Don’t overlook this inexpensive but really helpful tractor add-on!
I’ve had my Kubota L3901 for almost 3.5 years now and I had convinced myself I didn’t need a wheel spinner on Big Orange because, after all, it has power steering, and I could turn the wheel with little effort. However, when I put on the wheel spinner, I was amazed at how much easier it made an already easy task. And it is particularly, handy when backing up.
I chose to buy a Kubota Deluxe Wheel Spinner, but there are less expensive options that are probably just as good and I’ll cover some of them in a moment. The Kubota wheel spinner comes with an optional rubber spacer for skinny steering wheels or if you’re worried about marring your steering wheel. It also comes with a set of slightly longer set of screws for thicker steering wheels. An Allen wrench is included to tighten the screws.
I bought mine from online Messicks for $16.21 but with shipping the total was $26.23. I also found it on Amazon for $27.93 with free shipping, so just slightly more. However, if your Kubota dealership is not too far way, it may be cheapest to stop by and pick one up.
If you’d rather not pay the premium for having the Kubota logo, there are a lot of identical looking wheel spinners on Amazon, ranging in price from $12 to $16 dollars. There are also some not-so-deluxe styles available, like the one shown below, but they are in the same price range as the generic deluxe styles.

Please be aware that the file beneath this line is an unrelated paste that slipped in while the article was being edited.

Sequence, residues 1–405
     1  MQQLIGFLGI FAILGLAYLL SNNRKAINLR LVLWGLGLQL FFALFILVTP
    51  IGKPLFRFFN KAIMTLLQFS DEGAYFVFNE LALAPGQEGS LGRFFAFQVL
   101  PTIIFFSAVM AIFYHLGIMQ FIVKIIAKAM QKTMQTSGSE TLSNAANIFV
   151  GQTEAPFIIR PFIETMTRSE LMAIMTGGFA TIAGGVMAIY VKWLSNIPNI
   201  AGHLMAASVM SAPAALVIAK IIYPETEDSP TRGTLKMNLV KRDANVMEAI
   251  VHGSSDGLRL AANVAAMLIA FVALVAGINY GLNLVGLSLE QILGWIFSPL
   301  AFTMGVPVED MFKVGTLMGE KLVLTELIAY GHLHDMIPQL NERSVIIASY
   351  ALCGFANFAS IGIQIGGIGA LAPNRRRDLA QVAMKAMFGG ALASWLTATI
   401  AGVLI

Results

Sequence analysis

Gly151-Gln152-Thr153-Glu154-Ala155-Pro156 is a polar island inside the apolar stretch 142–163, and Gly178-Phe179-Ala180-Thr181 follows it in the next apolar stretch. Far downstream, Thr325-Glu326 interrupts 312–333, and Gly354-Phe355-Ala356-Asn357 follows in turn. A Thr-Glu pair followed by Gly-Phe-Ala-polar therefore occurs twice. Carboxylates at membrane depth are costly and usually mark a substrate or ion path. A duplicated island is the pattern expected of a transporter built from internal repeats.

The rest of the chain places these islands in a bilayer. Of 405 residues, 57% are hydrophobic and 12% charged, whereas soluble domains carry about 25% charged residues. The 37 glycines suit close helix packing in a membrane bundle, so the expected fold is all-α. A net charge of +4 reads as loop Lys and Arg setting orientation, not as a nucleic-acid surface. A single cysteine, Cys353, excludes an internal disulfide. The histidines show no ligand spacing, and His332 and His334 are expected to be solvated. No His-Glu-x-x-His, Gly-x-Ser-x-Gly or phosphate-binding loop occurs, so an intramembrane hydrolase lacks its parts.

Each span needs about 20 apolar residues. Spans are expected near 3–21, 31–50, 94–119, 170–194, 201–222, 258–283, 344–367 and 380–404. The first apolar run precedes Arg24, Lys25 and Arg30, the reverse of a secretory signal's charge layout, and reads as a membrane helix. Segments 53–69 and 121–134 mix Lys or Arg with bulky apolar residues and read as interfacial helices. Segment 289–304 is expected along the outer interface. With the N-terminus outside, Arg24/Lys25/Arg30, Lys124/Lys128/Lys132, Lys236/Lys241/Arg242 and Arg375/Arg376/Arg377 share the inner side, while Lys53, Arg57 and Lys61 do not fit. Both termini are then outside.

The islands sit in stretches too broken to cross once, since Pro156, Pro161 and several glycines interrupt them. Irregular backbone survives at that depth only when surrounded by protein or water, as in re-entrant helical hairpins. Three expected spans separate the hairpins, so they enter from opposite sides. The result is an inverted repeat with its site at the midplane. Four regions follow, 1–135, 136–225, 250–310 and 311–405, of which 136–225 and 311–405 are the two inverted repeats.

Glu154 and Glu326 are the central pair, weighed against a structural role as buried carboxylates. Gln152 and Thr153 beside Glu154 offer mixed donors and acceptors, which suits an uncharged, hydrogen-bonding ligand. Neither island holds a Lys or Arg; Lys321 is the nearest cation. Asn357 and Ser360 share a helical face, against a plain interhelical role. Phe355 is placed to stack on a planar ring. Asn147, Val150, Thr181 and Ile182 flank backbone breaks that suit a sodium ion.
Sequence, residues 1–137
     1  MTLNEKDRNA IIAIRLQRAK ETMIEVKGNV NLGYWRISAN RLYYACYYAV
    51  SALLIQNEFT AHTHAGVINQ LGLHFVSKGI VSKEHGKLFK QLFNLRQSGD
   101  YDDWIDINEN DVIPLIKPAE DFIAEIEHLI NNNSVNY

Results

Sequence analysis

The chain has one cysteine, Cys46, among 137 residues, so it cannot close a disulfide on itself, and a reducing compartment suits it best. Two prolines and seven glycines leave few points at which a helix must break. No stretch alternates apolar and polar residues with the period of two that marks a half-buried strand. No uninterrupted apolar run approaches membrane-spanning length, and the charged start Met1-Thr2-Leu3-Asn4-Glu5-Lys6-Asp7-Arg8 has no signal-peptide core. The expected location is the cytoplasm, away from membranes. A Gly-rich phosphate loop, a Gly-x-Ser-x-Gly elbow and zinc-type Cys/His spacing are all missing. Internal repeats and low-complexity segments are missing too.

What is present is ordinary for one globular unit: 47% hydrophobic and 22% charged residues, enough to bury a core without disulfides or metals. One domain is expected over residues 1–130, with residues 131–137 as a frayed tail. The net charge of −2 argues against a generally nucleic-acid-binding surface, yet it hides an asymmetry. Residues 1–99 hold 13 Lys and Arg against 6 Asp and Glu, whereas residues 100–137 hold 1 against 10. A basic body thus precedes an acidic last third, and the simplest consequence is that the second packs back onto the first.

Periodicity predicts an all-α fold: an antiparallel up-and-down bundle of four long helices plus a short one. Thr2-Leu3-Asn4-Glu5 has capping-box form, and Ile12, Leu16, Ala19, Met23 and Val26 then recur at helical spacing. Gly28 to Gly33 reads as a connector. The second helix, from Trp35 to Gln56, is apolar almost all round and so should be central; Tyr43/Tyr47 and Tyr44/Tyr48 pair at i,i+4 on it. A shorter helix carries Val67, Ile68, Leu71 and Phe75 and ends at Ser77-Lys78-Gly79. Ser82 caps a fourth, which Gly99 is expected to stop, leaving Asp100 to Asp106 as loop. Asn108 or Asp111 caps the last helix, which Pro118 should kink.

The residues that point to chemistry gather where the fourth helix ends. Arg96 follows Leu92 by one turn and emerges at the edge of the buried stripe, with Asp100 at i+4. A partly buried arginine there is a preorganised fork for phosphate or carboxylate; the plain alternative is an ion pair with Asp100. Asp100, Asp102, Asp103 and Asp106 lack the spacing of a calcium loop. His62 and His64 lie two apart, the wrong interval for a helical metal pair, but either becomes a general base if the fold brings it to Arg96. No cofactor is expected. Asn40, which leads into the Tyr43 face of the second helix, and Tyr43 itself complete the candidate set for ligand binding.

The best value I found is the Polar Snow Products Deluxe Wheel Spinner, shown below. It has over 900 mostly positive reviews and sells for $12.95, with free shipping for Amazon Prime members or free shipping for orders over $25. It ships from Amazon and is free to return. Plus it has more screws of varying lengths.
Installation is really easy. I mounted mine at the 12 o’clock position but you can mount it anywhere that works best for you. Place the knob portion on the underside of where you want to mount it. Put the bottom half on and screw in one screw just enough to get the threads started. Then do the same thing with the second screw. Alternate tightening the two screws until it starts to snug up to the steering wheel. Rotate the knob portion to the top of the steering wheel and start alternately tightening the screws a couple of turns at a time until the spinner is firmly attached.
Just in case the wheel spinner becomes loose in the field, I keep the Allen wrench in my tractor tool box. If that becomes a recurring problem, I’ll use a little Lock Tite on the screws.